I got called to start an IV on the floor where they do chemotherapy and bone marrow transplants. That in itself was unusual, because those nurses are the best at finding tiny, threadlike veins in a dehydrated person and floating an eighteen- or twenty-gauge in for rehydration and transfusion.

The patient was a woman I've known since we were both sixteen. Since I last saw her, five years ago, she'd gotten thinner and more attenuated, and her hair had fallen out and grown back into a sort of default pixie-cut: the hairstyle of the recently afflicted. She'd had breast cancer, the awful aggressive sort that hits women in their mid-thirties, that defies hormones and radiation and chemotherapy and surgery. Lung and liver, bone and brain--she was back for placement of an Ommaya reservoir, a piece of plastic that would let the doctors deliver chemo to the metastatic tumors in her brain, and maybe give her a few more months.

She was one of those real, live, honest-to-God cheerleader types, with long dark hair that she refused to perm. She could buy beer long before the rest of us could, because she looked so much older than eighteen. She was pretty and popular and got a degree in management and married a guy who was successful and handsome and had one child before she was diagnosed. If I was a tiny baby-Edward-Gorey pseudo-Goth in high school, she was something out of a Maxfield Parrish painting.

In 2006, we'd walked down the hall together in the afternoon as she described what radiation was like. Her arm was across my shoulders because really, she wasn't that strong, and mine was around her waist. The conversation turned to science fiction and fantasy novels and Star Trek; it turned out she'd had a geek streak even way back then, but had never let it show.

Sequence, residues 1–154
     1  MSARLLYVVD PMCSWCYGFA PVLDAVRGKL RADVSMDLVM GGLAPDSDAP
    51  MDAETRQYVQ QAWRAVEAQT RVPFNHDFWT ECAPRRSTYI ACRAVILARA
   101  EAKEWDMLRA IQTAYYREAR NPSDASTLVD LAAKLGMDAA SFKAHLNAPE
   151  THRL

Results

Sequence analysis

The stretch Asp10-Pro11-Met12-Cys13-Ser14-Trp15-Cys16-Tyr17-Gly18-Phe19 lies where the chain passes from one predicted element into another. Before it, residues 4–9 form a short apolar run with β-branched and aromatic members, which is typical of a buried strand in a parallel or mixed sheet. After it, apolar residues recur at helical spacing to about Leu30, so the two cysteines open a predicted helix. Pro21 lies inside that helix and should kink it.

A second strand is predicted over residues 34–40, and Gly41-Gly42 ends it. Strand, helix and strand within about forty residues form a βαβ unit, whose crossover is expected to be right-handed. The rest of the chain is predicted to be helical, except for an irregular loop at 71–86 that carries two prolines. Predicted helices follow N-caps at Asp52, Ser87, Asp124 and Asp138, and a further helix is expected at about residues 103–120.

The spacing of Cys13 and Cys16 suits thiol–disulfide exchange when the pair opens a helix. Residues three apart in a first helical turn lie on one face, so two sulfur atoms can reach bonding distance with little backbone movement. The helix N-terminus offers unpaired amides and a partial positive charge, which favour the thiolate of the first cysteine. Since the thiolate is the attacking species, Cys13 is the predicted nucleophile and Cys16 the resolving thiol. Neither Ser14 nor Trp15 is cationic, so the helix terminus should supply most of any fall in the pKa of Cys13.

Now I was digging around in her forearm, looking for something that would let her nurse run a couple of units of blood and a couple of sixes of FFP and maybe a liter of fluids. She was talking about how much she had to clear up before she died. She knew that the chemo to her brain might last her through April or May, but after that it was all up.

"It's sort of like, when I got diagnosed, I got thrown into a pit," she said, "and all this time, I've been living in the pit, watching other people come and go. It's dark, but you get used to the dark after a while. The hard thing is seeing other people leave. They're standing on the edge of the pit, yelling at me to stay strong and to fight, but they really don't know what it's like."

I looked up. "You're saying what I've been thinking," I said, "except my metaphor was a swimming pool."

"What am I going to tell my daughter?" she asked. "I've gone from living with cancer to dying of it, and I feel like I ought to apologize."

I sat for a minute. "I have no fucking idea," I finally said, remembering another attenuated, pixie-cut patient who'd asked the same question. "I have no idea. Kids like to think their parents are immortal. I'm not sure there's anything you could say."

"Parents like to think that their kids will do better than they did," she said, "Except now I wonder if maybe this is something that'll come back to hit my daughter, too."

I thought of Lara, whose blog has the header, "Like Mother, Like Daughter."

"Goddamned if I know," I said. "All I know is that dying is just as hard work as birthing or living. If you feel like you ought to apologize, you probably ought to do it now."

"Yeah," she replied, referencing a Zenna Henderson book I'd lent her back when she first came in, "that bridge is getting higher every day."